Sharing Power. By: Mitchell, Marybelle. Inuit Art Quarterly, Spring2011, Vol. 26 Issue 1, p27-31, 5p
State Support of the Art. By: Mitchell, Marybelle. Inuit Art Quarterly, Spring2011, Vol. 26 Issue 1, p33-36, 4p
Tools, Training, Quarrying. By: Mitchell, Marybelle. Inuit Art Quarterly, Spring2011, Vol. 26 Issue 1, p38-43, 6p

Today is the birth anniversary of James Brooks

James Brooks was born on October 18, 1906, in Saint Louis, Missouri, and moved with his family to Dallas in 1916. He studied art at Southern Methodist University, Dallas, and, after moving to New York in 1926, took night classes at the Art Students League. Like many other Abstract Expressionists, Brooks painted murals for the Works Progress Administration (WPA) Federal Art Project in the late 1930s and early 1940s. His best-known project was a mural titled Flight (1940–42) at the International Marine Terminal building at LaGuardia Airport. This vibrant, monumental work—the largest of the WPA murals—measures 12 feet high and 237 feet long and depicts the history of flying, from early mythology to the latest innovations, in a clean, Social Realist style.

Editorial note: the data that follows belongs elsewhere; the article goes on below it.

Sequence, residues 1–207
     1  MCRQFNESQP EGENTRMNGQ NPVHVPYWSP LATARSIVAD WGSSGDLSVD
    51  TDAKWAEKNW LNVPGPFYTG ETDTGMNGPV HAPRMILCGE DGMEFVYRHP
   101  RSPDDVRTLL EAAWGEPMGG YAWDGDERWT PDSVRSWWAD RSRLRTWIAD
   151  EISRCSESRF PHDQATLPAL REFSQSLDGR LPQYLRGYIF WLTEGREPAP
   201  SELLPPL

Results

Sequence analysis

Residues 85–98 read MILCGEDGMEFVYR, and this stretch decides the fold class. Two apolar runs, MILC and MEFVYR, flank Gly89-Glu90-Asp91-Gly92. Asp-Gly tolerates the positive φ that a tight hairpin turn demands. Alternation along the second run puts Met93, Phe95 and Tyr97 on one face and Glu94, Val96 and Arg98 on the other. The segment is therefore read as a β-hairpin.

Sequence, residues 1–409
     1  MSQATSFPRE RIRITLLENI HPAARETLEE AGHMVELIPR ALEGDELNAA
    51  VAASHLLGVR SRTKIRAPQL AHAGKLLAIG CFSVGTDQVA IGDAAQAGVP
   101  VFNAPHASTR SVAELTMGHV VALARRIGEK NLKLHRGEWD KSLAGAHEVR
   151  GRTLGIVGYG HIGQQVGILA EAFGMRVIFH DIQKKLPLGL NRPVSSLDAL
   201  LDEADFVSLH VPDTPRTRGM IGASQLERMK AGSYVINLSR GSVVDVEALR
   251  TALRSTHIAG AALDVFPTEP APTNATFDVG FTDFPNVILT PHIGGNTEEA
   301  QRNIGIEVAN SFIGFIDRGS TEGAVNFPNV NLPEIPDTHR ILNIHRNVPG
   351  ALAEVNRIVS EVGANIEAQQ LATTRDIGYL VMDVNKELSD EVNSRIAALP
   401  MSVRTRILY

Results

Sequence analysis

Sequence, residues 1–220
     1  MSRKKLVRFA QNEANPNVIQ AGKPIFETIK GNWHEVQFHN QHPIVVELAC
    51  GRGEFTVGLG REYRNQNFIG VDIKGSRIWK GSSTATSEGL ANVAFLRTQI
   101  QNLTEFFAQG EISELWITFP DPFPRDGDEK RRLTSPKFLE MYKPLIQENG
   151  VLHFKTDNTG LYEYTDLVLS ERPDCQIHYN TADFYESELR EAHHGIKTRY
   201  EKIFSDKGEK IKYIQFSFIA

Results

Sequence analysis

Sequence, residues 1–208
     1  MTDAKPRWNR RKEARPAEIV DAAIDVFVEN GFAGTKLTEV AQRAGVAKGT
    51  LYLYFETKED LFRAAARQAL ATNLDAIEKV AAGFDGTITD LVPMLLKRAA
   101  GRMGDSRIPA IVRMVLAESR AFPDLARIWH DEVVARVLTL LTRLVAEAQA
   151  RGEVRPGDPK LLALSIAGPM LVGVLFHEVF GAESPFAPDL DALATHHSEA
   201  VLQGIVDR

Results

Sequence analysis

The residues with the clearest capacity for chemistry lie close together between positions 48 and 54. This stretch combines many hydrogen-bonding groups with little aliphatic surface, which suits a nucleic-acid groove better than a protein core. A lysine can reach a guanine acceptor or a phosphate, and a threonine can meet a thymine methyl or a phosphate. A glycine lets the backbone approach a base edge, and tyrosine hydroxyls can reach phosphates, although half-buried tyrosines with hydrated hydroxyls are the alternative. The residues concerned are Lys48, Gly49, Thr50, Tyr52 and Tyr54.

From 1942 to 1945, Brooks served as a combat artist with the U.S. Army in the Middle East and returned to New York in 1946, at the height of what would later be termed the Abstract Expressionist movement. An inveterate risk taker, he soon abandoned figuration for abstraction. He reconnected with Jackson Pollock, a friend from the WPA days. Brooks not only took over their Eighth Street studio when Pollock and his wife, artist Lee Krasner, moved to Long Island, but also credited Pollock with encouraging him to try a more gestural style.